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The Korea over the past four decades has demonstrated incredible economic growth and global integration to become a high-tech industrialized economy. In the 1960s, GDP per capita was comparable with levels in the poorer countries of Africa and Asia. In 2004, South Korea joined the trillion-dollar club of world economies. A system of close government and business ties, including directed credit and import restrictions, initially made this success possible. The government promoted the import of raw materials and technology at the expense of consumer goods, and encouraged savings and investment over consumption. The Asian financial crisis of 1997-98 exposed longstanding weaknesses in South Korea's development model, including high debt/equity ratios and massive short-term foreign borrowing. GDP plunged by 7% in 1998, and then recovered by 9% in 1999-2000. South Korea adopted numerous economic reforms following the crisis, including greater openness to foreign investment and imports. Growth moderated to about 4% annually between 2003 and 2007. South Korea's export focused economy was hit hard by the 2008 global economic downturn, but quickly rebounded in subsequent years, reaching over 6% growth in 2010. The US-Korea Free Trade Agreement was ratified by both governments in 2011 and went into effect in March 2012. Between 2012 and 2014, the economy experienced slow growth due to sluggish domestic consumption and investment. The administration in 2015 is likely to face the challenge of balancing heavy reliance on exports with developing domestic-oriented sectors, such as services. The South Korean economy's long-term challenges include a rapidly aging population, inflexible labor market, dominance of large conglomerates (chaebols), and the heavy reliance on exports, which comprise about half of GDP. In an effort to address the long term challenges and sustain economic growth, the current government has prioritized structural reforms, deregulation, promotion of entrepreneurship and creative industries, and the competitiveness of small and medium enterprises.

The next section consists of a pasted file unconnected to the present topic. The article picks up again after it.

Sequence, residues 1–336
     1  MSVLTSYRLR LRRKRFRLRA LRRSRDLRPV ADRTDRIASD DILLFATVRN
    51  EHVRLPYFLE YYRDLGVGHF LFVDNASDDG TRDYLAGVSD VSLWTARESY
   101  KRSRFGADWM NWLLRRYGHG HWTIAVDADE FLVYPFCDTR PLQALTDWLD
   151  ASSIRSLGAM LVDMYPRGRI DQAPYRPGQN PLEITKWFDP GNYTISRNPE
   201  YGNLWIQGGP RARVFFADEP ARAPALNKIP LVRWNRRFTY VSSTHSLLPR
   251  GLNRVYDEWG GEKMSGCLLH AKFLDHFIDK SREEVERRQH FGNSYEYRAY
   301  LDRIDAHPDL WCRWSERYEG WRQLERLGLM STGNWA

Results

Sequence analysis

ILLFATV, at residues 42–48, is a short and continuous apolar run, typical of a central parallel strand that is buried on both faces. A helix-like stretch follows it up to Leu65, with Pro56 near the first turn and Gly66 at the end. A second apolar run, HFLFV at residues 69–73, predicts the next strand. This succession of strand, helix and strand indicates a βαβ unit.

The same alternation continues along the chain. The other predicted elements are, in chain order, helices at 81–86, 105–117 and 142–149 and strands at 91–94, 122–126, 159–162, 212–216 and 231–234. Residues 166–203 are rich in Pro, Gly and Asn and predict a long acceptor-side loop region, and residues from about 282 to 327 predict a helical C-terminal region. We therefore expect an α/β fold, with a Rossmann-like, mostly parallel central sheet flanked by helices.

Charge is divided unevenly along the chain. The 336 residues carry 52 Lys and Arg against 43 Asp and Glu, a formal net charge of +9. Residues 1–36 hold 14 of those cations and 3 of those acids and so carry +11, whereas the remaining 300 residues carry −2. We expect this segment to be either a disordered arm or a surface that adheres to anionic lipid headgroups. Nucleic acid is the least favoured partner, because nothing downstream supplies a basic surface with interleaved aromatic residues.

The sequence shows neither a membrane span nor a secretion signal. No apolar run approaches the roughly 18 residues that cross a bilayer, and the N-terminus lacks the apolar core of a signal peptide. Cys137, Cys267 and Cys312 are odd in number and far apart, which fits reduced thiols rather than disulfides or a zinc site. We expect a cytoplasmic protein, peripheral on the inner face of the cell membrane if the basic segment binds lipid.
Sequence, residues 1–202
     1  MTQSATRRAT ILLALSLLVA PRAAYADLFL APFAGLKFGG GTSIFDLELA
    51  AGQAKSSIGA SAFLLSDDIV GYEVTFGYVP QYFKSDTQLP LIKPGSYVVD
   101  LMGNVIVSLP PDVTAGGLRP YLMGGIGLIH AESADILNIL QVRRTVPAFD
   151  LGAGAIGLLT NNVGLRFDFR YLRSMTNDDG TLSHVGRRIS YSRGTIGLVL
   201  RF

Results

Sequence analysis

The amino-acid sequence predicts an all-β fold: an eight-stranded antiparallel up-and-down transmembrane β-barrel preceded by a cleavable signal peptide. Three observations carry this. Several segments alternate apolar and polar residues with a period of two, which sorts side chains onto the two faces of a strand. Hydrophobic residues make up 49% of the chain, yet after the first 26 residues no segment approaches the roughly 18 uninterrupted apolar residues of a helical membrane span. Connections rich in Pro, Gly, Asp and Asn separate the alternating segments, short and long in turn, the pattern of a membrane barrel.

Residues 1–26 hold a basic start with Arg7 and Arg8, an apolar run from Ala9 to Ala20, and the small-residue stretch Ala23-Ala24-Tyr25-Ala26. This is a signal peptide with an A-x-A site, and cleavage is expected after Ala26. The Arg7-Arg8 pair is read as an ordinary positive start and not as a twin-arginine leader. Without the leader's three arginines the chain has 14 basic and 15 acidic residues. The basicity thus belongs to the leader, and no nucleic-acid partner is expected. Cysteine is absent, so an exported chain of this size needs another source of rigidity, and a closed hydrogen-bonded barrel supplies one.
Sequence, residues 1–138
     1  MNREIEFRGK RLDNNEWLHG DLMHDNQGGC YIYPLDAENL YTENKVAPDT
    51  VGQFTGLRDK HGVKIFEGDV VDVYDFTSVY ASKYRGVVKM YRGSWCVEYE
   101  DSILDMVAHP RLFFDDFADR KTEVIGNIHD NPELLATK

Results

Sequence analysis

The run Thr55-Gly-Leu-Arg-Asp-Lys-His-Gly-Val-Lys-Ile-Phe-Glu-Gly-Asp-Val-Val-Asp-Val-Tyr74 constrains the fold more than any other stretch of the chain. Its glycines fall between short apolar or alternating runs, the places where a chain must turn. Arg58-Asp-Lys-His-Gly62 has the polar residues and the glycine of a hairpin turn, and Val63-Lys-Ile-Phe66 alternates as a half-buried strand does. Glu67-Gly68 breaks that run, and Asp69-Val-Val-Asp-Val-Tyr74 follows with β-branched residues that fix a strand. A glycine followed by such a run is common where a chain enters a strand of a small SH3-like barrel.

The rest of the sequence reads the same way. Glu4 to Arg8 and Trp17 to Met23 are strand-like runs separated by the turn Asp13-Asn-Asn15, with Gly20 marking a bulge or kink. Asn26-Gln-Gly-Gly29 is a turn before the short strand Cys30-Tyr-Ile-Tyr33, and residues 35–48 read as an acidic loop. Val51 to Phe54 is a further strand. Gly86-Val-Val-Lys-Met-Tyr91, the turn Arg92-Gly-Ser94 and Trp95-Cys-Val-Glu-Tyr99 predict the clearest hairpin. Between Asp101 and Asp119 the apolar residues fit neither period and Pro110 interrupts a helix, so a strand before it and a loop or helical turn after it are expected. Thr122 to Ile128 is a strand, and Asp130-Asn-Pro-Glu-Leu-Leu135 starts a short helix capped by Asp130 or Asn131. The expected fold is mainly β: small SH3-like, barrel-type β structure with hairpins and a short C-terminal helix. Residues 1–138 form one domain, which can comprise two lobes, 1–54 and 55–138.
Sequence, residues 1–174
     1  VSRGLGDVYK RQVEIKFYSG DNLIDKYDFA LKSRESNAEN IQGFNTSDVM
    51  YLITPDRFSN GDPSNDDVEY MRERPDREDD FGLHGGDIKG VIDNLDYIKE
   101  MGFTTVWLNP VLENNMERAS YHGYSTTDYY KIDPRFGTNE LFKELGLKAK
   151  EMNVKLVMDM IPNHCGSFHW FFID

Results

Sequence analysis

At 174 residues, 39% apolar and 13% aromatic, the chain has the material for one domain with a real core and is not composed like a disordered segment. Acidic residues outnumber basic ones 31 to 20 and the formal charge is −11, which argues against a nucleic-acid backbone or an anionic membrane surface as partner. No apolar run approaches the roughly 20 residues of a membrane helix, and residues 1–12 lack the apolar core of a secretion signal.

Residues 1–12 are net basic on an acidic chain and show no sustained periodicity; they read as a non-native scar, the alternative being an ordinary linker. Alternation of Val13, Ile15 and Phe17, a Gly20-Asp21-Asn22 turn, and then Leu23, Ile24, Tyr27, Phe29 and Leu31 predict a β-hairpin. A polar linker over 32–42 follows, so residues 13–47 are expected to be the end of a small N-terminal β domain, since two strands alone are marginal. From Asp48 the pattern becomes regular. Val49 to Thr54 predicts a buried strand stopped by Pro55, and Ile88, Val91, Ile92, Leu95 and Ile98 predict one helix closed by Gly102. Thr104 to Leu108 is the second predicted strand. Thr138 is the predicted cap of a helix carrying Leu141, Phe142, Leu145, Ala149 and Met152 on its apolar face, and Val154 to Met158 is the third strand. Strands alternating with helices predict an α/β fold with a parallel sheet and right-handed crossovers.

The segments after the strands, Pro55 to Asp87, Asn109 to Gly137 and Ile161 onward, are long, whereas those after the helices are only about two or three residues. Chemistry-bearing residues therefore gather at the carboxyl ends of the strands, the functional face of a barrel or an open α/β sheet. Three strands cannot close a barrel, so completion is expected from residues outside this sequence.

GDP:
    - Purchasing power parity:$$1.781 trillion (2014 est.)
    - Official exchange rate:$1.41 trillion (2014 est.)
    - Real growth rate:3.3% (2014 est.)
    - Per capital(PPP):$35,300 (2014 est.)
    - Gross national saving:35.1% of GDP (2014 est.)
    - Composition,by sector of origin:Agriculture 2.3%, Industry 38.3%, Services 59.4% (2014 est.)
    - Composition,by end use:Household 50.4%,Government 15.1%, Investment in fixed capital29.1%
      Investment in investmentories0.1%,Exports of goods and services50.6% ,Imports of goods and
      services -45.3%(2014 est.)

Industrial production growth rate:0% (2014 est.)

Labor Force:26.27 million (2014 est.)
   
Labor Force-by occupation:
    - Agriculture:5.7%
    - Industry:  24%
    - Services: 70.4% (2014 est.)

Unemployment Rate:3.5% (2014 est.)
    
Budget:
    - Revenues:$350.7 billion
    - Expenditures:$337.9 billion (2014 est.)
   
Budget surplus(+) or deficit(-):0.9% of GDP (2014 est.)
    
Taxes and other revenues:24.9% of GDP (2014 est.))
   
Inflation Rate(consumer prices):1.3% (2014 est.)
    
Central bank discount rate:2% (31 December 2014)
 
Commercial bank prime lending rate:4.5% (31 December 2014 est.)
    
Market value of publicly traded shares:$1.269 trillion (31 December 2014 est.)
    
Current account balance:$89.22 billion (2014 est.)
    
Exports:$572.7 billion (2014 est.)

Imports:$525.5 billion (2014 est.)
    
Exchange Rate: Exchange Rates:1,053 (2014 est.).
    




 
     
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